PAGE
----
Suburban garden or brownfield site?

Homes with large plots of land are the latest target for the developers, says Graham Norwood

Brownfield sites sound like the ideal way of preventing the ruin of open countryside — razing old industrial wrecks and replacing them with new housing, without damaging the environment.

But is that what brownfield actually means? Residents of areas with big gardens and detached homes have found — both to their profit and cost — that a garden can be designated a brownfield site as well.

Now a campaign is under way to prevent planning guidelines from being exploited by developers wanting to build high-density blocks of flats in streets previously dominated by traditional family homes.

garden for sale

Developers are encouraged by government initiatives — specifically one called Planning Policy Guideline 3 (PPG3) — to build on “used” brownfield sites. These are usually sites left derelict or with redundant commercial or industrial buildings. Conversions of old hospitals, schools and office blocks have been encouraged by PPG3, leading to hundreds of new developments across the country.

But PPG3 also allows building on sites hitherto occupied by houses, or where space permits in the gardens of existing homes. So in many areas, developers have started to buy houses, knocking them down and building scores of flats on the land instead. Bungalows are a particular target for demolition, because they tend to have large garden plots.

This is particularly common in Greater London, the home counties and southwest England, areas where land is expensive. In Surrey, for example — once best known for its commuter-belt houses and mansions owned by Eric Clapton, Mick Hucknall and Ronan Keating, among others — flats are now commonplace.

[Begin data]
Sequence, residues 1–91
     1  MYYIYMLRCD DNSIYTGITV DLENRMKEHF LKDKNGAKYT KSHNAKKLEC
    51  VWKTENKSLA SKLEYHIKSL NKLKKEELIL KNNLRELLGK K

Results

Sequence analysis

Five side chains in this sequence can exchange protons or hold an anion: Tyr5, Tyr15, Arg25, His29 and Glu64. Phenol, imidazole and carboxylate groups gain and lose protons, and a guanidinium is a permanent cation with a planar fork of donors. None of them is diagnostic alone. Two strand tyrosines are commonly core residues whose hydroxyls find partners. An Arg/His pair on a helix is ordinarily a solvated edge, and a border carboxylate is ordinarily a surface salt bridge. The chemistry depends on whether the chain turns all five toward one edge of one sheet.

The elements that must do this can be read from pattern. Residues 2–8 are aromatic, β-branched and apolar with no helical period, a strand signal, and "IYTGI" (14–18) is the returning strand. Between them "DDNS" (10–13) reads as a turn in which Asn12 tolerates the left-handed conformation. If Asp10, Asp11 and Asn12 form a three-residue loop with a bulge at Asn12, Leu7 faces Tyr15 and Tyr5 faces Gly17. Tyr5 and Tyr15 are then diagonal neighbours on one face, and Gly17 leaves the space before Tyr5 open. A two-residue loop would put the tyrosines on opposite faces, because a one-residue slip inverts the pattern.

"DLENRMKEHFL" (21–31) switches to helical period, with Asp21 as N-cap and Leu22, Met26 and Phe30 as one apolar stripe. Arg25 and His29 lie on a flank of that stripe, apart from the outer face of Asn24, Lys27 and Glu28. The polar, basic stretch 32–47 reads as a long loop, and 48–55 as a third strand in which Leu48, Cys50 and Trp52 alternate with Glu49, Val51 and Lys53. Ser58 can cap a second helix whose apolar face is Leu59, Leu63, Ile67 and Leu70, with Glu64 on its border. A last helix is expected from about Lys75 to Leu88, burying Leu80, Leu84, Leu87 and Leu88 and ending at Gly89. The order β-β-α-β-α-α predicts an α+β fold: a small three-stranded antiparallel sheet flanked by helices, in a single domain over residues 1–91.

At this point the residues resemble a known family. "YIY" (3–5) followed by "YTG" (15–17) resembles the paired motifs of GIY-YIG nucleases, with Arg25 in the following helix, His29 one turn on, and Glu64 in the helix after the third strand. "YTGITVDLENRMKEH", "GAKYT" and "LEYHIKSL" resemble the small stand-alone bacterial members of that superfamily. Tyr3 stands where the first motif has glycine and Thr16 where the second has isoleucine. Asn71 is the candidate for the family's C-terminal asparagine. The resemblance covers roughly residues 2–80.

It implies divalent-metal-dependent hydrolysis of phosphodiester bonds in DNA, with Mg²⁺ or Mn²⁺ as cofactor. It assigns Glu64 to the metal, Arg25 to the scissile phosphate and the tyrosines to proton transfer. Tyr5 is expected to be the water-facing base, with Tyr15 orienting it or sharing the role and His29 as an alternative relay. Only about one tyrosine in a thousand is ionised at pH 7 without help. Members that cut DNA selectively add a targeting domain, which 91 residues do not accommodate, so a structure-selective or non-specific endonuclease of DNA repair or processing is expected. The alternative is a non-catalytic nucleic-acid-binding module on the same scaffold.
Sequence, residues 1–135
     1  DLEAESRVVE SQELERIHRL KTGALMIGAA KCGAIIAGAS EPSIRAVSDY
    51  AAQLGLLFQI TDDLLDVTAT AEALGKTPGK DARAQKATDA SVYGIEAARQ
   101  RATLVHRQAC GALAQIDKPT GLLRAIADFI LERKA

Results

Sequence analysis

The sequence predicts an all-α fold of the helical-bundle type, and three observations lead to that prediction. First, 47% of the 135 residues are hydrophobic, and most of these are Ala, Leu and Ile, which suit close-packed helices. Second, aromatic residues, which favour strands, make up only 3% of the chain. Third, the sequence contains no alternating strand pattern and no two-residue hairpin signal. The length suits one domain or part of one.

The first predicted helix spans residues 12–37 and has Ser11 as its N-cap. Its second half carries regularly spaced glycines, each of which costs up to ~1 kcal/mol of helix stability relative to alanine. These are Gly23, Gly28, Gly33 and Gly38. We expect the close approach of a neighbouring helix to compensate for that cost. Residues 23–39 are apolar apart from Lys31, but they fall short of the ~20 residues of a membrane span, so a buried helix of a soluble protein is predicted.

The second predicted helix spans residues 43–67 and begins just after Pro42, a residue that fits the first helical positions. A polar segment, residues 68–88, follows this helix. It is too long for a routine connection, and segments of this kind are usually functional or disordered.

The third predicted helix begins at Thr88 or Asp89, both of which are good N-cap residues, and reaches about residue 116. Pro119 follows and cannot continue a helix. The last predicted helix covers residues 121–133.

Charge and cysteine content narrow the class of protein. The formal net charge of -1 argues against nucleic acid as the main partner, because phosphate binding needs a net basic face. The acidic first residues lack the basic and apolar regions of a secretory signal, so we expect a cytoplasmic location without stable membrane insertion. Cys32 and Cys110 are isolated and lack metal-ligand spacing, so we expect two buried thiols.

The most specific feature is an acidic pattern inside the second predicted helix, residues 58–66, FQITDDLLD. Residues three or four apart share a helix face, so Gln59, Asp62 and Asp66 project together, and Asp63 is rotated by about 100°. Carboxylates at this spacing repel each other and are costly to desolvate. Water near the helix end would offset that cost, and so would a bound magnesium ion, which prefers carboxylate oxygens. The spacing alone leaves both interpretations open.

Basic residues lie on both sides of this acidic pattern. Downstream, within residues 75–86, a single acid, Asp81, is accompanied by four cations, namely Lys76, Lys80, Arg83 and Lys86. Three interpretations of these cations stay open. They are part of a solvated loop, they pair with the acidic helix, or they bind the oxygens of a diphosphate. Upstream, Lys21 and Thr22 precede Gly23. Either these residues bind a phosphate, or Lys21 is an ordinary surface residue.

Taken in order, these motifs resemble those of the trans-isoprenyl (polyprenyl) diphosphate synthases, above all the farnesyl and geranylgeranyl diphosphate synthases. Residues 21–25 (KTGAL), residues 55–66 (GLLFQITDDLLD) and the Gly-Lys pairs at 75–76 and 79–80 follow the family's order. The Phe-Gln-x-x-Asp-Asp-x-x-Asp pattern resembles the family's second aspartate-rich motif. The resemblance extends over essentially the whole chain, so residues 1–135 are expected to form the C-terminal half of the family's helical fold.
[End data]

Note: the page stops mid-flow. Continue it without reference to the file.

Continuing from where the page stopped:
“The Parkview development in Caterham is a classic example. It replaces four detached houses and gardens with 20 properties: 13 apartments, five townhouses and two detached,” says Paul Cooper of Try Homes, which is carrying out the project. He says before PPG3 the site would have been used only for detached and semi-detached houses.

Now Greg Clark, the Conservative MP for Tunbridge Wells in Kent, has introduced a private member’s bill in parliament to redefine brownfield land and PPG3. He wants to restrict development on sites of houses and gardens in residential streets.

“Forest Road in Tunbridge Wells is typical,” Clark says. “Developers are buying up houses with big plots. They do not buy them just to redevelop the house, because their eyes are as much on the garden as the house itself.”

Another high-profile example of this trend is George Wimpey’s proposal to knock down four large bungalows and replace them with 27 small flats at Crowthorne in Berkshire, near heathland recently designated a conservation area for endangered birds.

The Crowthorne application was rejected by Bracknell Forest borough council but George Wimpey has appealed against the decision, promising to ban buyers from owning cats in a bid to protect the birds. A decision on the development will be made in May.

Local campaigners, however, say the real issue is not bird protection but the loss of family homes and their replacement by high-density dwellings in a semi-rural area.

Developers say they are often obliged to propose building flats instead of houses because local councils across the UK — which have been ordered to meet government targets for building new homes — frequently reject plans with an insufficient density of housing.

However, flats in residential areas routinely sell for more than those in less desirable former industrial areas. Therefore, most developers prefer to knock down existing homes and build over them, despite having substantial unused land banks.

George Wimpey admits it already owns 14,169 acres of land that it has not yet built on, with enough space for almost 51,000 homes. It refuses to say how much it would charge for the flats it wants to build in place of the bungalows at Crowthorne., 26.03.2006

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